Nvidia CEO: Poor marketing and retail support the reason for low Android tablet sales

By on May 15, 2011
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It’s a “richness of content” problem as well.

In an interview with CNET, Nvidia CEO Jen-Hsun Huang expressed his frustration at the lackluster sales of Android-based tablets, especially of the supposed market leader, Motorola XOOM, which only managed to ship 250,000 units since launch. Comparatively, the iPad 2 sold about 1 million units in its first weekend alone.

“It’s a point of sales problem. It’s an expertise at retail problem. It’s a marketing problem to consumers. It is a price point problem,” he said. “And it’s a software richness of content problem.”

Huang also criticized the price point at which the tablets are sold. “The baseline configuration included 3G when it shouldn’t have,” he said. “Tablets should have a Wi-Fi configuration and be more affordable. And those are the ones that were selling more rapidly than the 3G and fully configured ones.”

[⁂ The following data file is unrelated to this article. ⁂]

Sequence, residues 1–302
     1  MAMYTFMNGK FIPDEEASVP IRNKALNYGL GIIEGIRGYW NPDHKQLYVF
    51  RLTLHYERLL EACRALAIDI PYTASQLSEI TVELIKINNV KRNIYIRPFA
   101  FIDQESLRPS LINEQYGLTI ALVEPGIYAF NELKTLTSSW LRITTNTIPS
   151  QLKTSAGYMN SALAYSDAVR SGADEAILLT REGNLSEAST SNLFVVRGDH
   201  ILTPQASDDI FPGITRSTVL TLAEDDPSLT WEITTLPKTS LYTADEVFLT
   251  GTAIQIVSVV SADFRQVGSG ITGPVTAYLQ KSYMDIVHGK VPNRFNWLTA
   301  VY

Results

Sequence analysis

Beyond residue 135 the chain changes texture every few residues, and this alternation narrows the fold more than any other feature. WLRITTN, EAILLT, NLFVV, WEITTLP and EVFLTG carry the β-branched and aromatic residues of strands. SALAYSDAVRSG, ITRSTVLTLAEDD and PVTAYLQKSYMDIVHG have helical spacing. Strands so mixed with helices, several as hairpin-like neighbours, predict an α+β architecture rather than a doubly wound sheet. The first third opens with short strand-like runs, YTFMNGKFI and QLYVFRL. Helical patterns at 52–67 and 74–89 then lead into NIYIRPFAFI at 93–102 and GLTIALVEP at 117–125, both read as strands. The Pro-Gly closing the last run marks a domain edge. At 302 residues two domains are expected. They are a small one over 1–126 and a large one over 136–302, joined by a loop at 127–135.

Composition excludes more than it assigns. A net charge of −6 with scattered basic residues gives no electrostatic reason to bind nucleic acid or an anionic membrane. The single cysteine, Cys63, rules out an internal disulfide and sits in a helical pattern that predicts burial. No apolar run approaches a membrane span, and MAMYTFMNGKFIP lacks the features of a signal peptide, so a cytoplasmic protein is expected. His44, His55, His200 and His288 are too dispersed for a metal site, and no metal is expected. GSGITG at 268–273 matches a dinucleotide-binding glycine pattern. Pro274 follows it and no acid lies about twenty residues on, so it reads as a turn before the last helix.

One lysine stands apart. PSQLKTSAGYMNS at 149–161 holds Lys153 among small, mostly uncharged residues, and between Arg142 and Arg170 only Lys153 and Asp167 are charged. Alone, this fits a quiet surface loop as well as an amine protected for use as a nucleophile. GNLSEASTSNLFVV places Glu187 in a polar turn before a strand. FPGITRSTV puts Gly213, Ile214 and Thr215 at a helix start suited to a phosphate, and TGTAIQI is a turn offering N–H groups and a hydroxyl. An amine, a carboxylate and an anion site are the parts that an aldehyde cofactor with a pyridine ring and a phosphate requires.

However, he remained upbeat for future releases of the Tegra 2 powered Android tablets, saying: “”But those problems are all getting solved. The rate at which these Honeycomb Tegra 2 tablets are being improved is really stunning. I think all of the manufacturers have now recognized that and readjusted their plans.”


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Mufaddal Fakhruddin is the Editor for IGN ME and thinks writing in third person about himself in an about me section is weird.

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